Sioux pictorial beaded and fringed hide tobacco bag composed of finely tanned hide decorated with yellow ochre, finely sinew-sewn in numerous colors of glass beadwork against a light blue ground, with equestrian figures on both sides,
Rhus Used by Native Americans important part of their lives. crushed the berries to make a tart drink similar to lemonade and the bark was used in tanning, while the roots produced a lovely yellow dye. ailments from ringworm and hemorrhoids to bleeding gums. leaves gathered in the fall once they changed to red to be mixed with their tobacco as a flavoring. poison sumac, Toxicodendron vernix which can be identified by its white berries and its love for wet and boggy conditions
Circa 1880-1890's, crossed American flags, framed by initials "B.H." above and peace pipe below. Design elements indicate Sioux style. This could be a presentation piece for President Benjamin Harrison is not unreasonable. Comment: That's possible, but flags were often put into beadwork. It could have been a gift (or bribe) for a fort or reservation officer. Or it could have been the maker's own initials and his intent was to manifest his loyalty to the land -- after all, this is our home.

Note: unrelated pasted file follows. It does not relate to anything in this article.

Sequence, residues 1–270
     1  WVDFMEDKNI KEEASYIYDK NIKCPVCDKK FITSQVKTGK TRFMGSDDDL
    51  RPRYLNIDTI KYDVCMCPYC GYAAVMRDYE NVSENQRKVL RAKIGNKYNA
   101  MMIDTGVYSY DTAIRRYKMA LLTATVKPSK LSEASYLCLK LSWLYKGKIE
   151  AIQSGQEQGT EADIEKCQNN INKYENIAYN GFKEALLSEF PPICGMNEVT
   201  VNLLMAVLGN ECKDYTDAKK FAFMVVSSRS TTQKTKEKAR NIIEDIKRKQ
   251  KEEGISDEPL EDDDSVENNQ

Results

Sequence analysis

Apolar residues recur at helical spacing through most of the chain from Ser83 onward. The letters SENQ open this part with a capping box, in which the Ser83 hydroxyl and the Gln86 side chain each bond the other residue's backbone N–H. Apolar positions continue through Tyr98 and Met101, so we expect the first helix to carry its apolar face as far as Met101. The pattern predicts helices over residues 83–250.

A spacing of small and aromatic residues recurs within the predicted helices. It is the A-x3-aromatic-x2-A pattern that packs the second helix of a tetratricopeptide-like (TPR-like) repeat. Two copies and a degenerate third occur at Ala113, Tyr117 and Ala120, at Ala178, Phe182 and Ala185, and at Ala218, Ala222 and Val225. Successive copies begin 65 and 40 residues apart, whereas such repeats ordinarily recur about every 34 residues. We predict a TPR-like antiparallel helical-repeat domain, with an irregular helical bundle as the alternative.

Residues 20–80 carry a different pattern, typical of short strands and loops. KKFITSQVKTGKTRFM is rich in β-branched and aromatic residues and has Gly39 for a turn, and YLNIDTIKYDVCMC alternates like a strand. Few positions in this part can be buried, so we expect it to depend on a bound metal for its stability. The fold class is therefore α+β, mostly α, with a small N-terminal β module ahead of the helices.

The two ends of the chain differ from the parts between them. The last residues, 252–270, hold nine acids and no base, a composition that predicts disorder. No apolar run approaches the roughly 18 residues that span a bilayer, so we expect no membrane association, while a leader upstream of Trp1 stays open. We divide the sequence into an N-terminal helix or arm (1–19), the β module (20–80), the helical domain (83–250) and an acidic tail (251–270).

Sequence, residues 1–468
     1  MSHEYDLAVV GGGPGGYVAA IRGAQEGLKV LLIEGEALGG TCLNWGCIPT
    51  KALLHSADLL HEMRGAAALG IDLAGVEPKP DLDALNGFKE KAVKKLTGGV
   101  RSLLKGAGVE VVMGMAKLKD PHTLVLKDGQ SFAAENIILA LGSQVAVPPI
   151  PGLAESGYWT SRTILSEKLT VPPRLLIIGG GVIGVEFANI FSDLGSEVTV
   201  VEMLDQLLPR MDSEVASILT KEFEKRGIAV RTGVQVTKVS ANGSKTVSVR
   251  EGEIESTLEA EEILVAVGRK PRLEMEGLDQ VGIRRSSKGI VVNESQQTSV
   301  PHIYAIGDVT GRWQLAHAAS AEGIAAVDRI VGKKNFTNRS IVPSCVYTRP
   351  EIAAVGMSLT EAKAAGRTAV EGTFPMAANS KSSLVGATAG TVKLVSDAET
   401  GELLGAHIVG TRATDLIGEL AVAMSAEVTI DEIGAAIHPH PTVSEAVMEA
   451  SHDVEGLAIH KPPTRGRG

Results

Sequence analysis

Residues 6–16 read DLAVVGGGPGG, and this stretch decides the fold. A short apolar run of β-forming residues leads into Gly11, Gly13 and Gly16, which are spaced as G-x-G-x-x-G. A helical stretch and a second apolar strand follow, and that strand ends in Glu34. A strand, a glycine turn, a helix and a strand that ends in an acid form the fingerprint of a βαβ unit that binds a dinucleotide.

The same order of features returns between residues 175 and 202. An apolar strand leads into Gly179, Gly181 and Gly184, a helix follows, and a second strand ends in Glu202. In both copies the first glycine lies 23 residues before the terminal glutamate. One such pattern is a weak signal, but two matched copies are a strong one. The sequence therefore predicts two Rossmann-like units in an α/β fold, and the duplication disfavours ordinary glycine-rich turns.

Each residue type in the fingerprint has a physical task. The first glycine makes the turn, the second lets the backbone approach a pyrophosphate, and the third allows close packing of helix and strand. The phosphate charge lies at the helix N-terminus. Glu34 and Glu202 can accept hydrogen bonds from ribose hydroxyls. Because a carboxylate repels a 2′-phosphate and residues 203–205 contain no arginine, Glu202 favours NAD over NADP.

beaded hide tobacco bag, thread and sinew-sewn and beaded using colors of red white-heart, greasy yellow, white, light blue, and pea green [in a geometric design]; bag finished with quilled slats and hide fringe, total length 38 in. Арапахо.
Arapaho Beaded Hide Tobacco Bag 9/20/2013 - Fall American Indian Art thread and sinew-sewn and beaded using colors of red white-heart, greasy yellow, white, light blue, and pea green; bag finished with quilled slats and hide fringe, total length 38 in. late 19th century Sold: $1,722.00 year 2014